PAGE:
Backgammon History

Backgammon History


Backgammon is one of the oldest games in existence, alongside Go and Chess. It is probably about 5,000 years old and may well have originated in what today is Iraq—previously Mesopotamia. Recent evidence supporting this was found when these very early dice (made of human bones) were discovered in the area.

The board with its twenty-four points and thirty checkers (or pieces or men) has been around for a long time but the game has not always been called backgammon. Other games which used the same board were Senet and Mancala. The Romans were the first to make it truly popular with their version called “Duodecum Scripta et Tabulae” or “Tables” for short.

Frescoes in many a Roman villa depict the game in progress (the players were not always completely clothed)! Here is an example (clothed version) from Pompeii:

The Emperor Claudius was a keen player—he had a special board built on the back of his chariot to relieve the tedium of long journeys. Emperor Nero was a prodigious gambler. He played for today’s equivalent of $10,000 a game. History does not record what happened to his opponents if they lost!

For many years there were different rules depending upon one’s level in society—true of many pastimes.. Whilst the officers wagered large stakes it became so popular during the Crusades that soldiers below a certain rank were barred from playing.

The history of any game can be tracked by looking for references in both art and literature. It is mentioned in early literature, both in Chaucer’s Canterbury Tales:

They daucen, and they pleyen at ches and tables.

and by Shakespeare in Love’s Labour’s Lost.

The word backgammon first appeared in print in 1645. No one knows for sure where the name came from, but most scholars agree that in all likelihood it comes from the Middle English baec = back and gamen = game.

Backgammon appears consistently in art throughout the second millennium, most famously in “The Garden of Earthly Delights” by Hieronymus Bosch and “The Triumph of Death” by Pieter Brueghel. Quite frequently it appears in tavern scenes and often there is a brawl going on—I wonder why that could be? Here it is in Steen’s “Backgammon Fight”:

The game continued to be played throughout the latter stages of the last millennium but it had constant battles with authorities and the church who wanted to ban it because of the gambling element—not too dissimilar to some areas of the world today, particularly since America brought in its crass and ludicrous Internet gambling laws (surely they are not long for this world??)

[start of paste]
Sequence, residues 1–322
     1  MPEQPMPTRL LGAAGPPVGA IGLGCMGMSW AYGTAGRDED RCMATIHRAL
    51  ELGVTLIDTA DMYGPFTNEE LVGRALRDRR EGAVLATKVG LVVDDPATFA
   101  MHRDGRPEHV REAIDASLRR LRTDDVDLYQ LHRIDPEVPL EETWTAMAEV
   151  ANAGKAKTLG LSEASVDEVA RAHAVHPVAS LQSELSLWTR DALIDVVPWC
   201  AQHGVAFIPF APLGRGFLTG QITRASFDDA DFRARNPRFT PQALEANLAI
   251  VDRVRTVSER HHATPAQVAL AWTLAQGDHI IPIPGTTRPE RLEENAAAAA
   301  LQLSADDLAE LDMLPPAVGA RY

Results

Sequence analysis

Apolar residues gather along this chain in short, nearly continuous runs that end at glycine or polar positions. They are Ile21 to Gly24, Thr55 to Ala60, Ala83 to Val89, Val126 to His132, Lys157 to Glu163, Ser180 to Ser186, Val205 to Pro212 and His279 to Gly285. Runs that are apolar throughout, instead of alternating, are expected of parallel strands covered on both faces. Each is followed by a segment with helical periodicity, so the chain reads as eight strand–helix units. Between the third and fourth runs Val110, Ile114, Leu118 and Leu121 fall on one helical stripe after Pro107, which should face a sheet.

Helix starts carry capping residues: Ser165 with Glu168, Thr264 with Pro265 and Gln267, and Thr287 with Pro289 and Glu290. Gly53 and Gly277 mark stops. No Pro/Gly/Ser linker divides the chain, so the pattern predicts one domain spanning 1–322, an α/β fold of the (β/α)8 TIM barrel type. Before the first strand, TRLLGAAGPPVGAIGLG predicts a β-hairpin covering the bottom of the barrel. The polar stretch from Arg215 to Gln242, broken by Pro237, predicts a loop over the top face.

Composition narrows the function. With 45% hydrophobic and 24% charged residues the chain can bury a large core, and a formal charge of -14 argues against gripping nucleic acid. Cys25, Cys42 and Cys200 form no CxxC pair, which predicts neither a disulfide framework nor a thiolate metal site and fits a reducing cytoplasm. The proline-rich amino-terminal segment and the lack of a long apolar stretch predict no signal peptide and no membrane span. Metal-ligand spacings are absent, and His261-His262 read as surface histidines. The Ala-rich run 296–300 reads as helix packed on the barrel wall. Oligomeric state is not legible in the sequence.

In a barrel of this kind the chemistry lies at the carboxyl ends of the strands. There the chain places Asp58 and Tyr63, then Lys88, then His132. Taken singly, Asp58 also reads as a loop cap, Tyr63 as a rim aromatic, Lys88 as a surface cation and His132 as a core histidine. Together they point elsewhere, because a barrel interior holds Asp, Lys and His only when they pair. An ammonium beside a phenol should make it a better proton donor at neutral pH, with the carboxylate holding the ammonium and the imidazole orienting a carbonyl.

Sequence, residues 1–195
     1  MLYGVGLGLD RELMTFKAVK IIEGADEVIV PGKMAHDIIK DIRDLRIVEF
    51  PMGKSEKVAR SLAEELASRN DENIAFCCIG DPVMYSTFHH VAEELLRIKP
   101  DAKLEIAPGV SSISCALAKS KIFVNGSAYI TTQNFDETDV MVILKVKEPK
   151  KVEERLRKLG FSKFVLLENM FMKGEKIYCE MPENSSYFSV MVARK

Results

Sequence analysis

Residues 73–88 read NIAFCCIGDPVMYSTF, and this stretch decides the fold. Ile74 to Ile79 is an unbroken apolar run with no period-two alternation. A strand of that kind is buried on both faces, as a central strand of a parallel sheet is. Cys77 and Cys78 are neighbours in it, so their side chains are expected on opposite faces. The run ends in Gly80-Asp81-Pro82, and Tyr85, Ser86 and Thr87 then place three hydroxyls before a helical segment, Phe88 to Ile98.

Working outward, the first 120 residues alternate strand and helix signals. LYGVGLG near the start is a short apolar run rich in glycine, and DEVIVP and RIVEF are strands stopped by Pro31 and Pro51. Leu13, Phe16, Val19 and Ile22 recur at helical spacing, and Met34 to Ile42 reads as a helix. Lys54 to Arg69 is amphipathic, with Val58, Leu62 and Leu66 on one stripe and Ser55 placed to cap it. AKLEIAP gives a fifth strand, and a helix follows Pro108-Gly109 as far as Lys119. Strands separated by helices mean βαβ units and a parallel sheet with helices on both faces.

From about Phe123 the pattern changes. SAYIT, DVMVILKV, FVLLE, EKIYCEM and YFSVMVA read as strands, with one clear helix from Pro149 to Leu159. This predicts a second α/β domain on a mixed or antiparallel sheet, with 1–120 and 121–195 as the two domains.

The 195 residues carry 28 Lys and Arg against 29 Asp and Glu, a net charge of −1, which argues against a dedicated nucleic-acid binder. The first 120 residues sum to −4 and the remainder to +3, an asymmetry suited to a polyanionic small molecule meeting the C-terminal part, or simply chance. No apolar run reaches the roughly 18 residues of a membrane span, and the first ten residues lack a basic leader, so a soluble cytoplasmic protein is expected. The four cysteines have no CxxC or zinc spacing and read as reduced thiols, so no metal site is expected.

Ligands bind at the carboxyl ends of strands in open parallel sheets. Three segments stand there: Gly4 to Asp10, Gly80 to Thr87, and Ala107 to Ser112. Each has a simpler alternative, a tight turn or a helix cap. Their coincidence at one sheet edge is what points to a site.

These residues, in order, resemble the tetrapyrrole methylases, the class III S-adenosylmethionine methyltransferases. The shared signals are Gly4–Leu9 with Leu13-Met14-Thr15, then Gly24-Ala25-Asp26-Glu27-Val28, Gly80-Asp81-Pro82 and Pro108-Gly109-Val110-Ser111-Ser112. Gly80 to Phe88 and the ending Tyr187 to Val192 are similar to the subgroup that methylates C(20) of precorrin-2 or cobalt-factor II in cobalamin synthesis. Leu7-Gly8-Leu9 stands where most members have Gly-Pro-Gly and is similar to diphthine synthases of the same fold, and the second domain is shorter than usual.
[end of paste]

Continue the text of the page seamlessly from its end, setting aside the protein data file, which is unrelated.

Its popularity continued through Victorian times (see the tranquil image below) and it was very popular at country house weekend parties.

However by the early 1920’s the game was losing its appeal. In the Roaring Twenties in New York City the games were just taking too long to play and it was difficult to wager (and therefore win) large amounts of money. What was to be done?

The Advent of Doubling

Whether the game would have survived we can only surmise but some time around 1925 or 1926 two things that would change the game forever happened at almost the same time.

The first and most important event occurred when some genius (or it may have been a group of them) in either New York or Boston came up with the idea of being able to double the stakes. We must assume that redoubling was invented at the same time and there is no contrary evidence to suggest otherwise. Sadly, despite extensive research, we do not know exactly who invented the concept so all we can do is give a heartfelt thank you to whoever it was!

The doubling cube did not arrive for some years and initially matchsticks were used to record the stakes. The first type of doubling device was a dial. An example—which I was lucky enough to buy on eBay—is shown here:

This device lasted for some time as evidenced by this photo of Douglas Fairbanks Jnr. and Joan Crawford (they were married from 1929 to 1933):

Exactly when the doubling cube arrived is not recorded.

The second event was the arrival of the multi-player version of the game that has always been known, even in the 1920’s, as a chouette. Chouette is the French for screech owl, a bird that is set upon by many of its own kind so we can see how apt the name is! It was originally used in the card game Picquet.

Now not only could the stakes be doubled but with more players in the game winnings and losses rose exponentially! Backgammon became the perfect game for the 1920’s.

It is safe to say that doubling, whilst it solved the backgammon problems of the day and introduced a whole new level of skill, was initially very poorly understood. If you read any of the books from that era you will find some very dubious advice indeed. The basic concept of the 25% take-point was not explained in any book until Crawford and Jacoby published “The Backgammon Book” in 1970! Georges Mabardi, author of Vanity Fair’s “Backgammon to Win” (1930) had this view of Doubling: “If two absolutely perfect players engaged in a match, there would never be an accepted double.” Close, but no cigar!

This did not stop people cashing in on teaching the game. Here is Leila Hattersley, author of “How to play the New Backgammon” (1930) teaching at a New York Club (Leila is standing back right).

Similarly the early rules for chouettes didn’t much resemble today’s game, which involves multiple cubes, but it created a form of the game that is still the most exciting way to play backgammon today !

It is not clear how quickly doubling and chouettes crossed the Atlantic but there are no comparable UK backgammon books dating from the 20’s and 30’s of the 20th century


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